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CEOs’ appraisals of venture capitalists’ external and internal support: a transaction cost economics perspective

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dc.contributor.author Khanin, Dmitry
dc.contributor.author Turel, Ofir
dc.date.accessioned 2017-01-04T09:30:02Z
dc.date.available 2017-01-04T09:30:02Z
dc.date.issued 2016
dc.identifier.citation Khanin, D., & Turel, O. (2016). CEOs’ appraisals of venture capitalists’ external and internal support: a transaction cost economics perspective. Venture Capital, 18(4), 297-320. DOI: 10.1080/13691066.2016.1225774 ru_RU
dc.identifier.uri http://nur.nu.edu.kz/handle/123456789/2121
dc.description.abstract Previous research has established that, in addition to provision of financing, venture capitalists (VCs) may add value to new ventures via different types of management support. In this paper, we propose that transaction cost economics (TCE) may complement other theoretical frameworks (e.g., agency theory, the resource-based view, knowledge-based theory, and resource dependence perspective) in explaining CEOs’ polar and ambivalent appraisals of the benefits and costs of different types of VC support and the overall value of VC assistance. Following TCE, we approach VC-funded new ventures as hybrids of markets and hierarchies. Hence, we assume that VCs help their portfolio companies both to externalize, or learn to better operate under the market mode of governance, and internalize, or learn to better operate under the hierarchy mode of governance. We propose that VCs use external support to facilitate venture externalization and use internal support to facilitate venture internalization. Based on structural equation modeling (SEM) analysis of data from an online survey that generated 104 valid responses from CEOs of VC-funded new ventures, we establish that CEOs associate VCs’ external support positively with the perceived benefits of VC assistance and negatively with the perceived costs of VC assistance. In contrast, CEOs associate VCs’ internal support positively both with the perceived benefits and costs of VC assistance. We also demonstrate that CEOs’ assessments of the perceived benefits and costs of VC assistance are, respectively, associated positively and negatively with their appraisals of the overall value of VC assistance. Finally, we ascertain that CEO experience is related negatively to CEOs’ appraisals of the overall value of VC assistance. Implications of these findings for research and practice are discussed. ru_RU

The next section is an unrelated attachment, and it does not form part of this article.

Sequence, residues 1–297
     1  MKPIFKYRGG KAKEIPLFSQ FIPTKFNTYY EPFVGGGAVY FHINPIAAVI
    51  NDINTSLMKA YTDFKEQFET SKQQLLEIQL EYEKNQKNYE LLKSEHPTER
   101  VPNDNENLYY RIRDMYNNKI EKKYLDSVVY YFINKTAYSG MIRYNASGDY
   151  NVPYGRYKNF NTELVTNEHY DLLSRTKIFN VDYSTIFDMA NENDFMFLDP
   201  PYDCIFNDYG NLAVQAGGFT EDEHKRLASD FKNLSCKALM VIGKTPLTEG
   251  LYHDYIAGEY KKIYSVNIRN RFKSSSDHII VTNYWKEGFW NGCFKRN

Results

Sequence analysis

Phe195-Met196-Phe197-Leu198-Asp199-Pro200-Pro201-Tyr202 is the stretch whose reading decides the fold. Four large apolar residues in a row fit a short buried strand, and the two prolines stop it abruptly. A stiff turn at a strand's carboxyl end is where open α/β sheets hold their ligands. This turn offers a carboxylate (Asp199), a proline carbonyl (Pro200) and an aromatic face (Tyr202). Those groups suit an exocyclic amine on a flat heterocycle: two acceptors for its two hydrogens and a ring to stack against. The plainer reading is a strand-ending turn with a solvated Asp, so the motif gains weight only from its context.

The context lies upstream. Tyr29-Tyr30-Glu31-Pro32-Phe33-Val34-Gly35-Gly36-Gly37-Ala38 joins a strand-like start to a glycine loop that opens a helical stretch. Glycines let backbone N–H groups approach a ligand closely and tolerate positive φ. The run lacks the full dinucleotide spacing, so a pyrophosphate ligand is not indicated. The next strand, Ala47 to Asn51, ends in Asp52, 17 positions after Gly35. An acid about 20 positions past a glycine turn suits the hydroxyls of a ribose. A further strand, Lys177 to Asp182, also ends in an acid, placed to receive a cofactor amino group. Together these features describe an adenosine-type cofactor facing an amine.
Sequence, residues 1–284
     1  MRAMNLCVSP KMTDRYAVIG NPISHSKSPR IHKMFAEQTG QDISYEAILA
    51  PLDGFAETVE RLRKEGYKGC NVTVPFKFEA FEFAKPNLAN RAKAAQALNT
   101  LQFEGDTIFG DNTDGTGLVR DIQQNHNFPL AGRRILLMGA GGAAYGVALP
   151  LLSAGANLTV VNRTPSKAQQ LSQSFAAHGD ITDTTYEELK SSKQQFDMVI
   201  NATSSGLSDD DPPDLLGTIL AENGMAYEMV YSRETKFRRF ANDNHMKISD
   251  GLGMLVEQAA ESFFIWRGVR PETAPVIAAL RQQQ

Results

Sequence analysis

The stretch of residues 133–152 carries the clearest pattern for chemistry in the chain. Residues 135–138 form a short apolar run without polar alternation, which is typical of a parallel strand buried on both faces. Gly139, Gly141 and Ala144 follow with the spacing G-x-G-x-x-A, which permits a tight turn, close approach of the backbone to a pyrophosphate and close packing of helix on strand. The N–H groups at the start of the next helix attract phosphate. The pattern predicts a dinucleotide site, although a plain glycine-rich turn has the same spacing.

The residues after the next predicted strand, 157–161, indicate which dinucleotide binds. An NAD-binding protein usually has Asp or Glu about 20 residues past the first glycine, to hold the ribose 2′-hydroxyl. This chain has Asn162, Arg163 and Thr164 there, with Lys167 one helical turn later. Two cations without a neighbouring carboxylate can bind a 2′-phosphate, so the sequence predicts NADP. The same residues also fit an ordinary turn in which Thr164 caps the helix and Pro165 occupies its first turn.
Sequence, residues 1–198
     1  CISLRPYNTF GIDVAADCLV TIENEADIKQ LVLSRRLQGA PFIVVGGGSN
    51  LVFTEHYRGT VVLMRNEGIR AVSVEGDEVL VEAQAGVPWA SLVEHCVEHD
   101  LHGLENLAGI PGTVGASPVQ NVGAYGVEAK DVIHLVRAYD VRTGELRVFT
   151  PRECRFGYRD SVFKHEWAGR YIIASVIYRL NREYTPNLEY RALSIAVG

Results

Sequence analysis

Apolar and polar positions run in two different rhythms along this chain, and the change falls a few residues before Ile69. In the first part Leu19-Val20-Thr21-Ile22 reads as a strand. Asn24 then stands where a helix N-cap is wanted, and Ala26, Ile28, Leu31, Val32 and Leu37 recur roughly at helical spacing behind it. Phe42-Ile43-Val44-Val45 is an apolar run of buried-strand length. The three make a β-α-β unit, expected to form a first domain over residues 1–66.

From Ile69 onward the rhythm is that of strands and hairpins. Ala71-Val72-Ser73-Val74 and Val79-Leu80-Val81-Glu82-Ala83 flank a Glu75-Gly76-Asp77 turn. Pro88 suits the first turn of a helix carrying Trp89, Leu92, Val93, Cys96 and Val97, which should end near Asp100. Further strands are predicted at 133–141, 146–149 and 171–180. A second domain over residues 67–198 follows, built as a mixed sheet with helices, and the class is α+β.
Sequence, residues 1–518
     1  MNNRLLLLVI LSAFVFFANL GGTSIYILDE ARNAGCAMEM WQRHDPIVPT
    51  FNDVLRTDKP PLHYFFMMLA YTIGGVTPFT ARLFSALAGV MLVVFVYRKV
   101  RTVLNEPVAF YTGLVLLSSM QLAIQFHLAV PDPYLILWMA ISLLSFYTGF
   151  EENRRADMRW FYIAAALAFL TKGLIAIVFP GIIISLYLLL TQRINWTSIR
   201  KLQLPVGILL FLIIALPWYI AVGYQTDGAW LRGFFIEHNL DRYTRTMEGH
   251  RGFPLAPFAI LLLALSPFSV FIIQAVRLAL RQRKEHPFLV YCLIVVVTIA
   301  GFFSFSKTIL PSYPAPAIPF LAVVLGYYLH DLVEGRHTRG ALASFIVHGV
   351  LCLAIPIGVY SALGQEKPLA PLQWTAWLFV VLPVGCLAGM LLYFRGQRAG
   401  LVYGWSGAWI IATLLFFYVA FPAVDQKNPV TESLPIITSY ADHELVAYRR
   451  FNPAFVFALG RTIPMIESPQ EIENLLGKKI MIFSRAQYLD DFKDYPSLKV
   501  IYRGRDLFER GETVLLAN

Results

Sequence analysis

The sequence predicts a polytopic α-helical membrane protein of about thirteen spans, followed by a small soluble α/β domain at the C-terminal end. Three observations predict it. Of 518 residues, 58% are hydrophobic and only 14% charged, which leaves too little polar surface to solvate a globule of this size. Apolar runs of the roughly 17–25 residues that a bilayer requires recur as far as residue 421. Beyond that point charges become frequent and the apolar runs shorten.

dc.language.iso en ru_RU
dc.publisher Venture Capital ru_RU
dc.rights Attribution-NonCommercial-ShareAlike 3.0 United States *
dc.rights.uri http://creativecommons.org/licenses/by-nc-sa/3.0/us/ *
dc.subject externalization ru_RU
dc.subject internalization ru_RU
dc.subject perceived benefits and costs of VC assistance ru_RU
dc.subject transaction cost economics (TCE) ru_RU
dc.subject VCs’ external support ru_RU
dc.subject VCs’ internal support ru_RU
dc.title CEOs’ appraisals of venture capitalists’ external and internal support: a transaction cost economics perspective ru_RU
dc.type Article ru_RU


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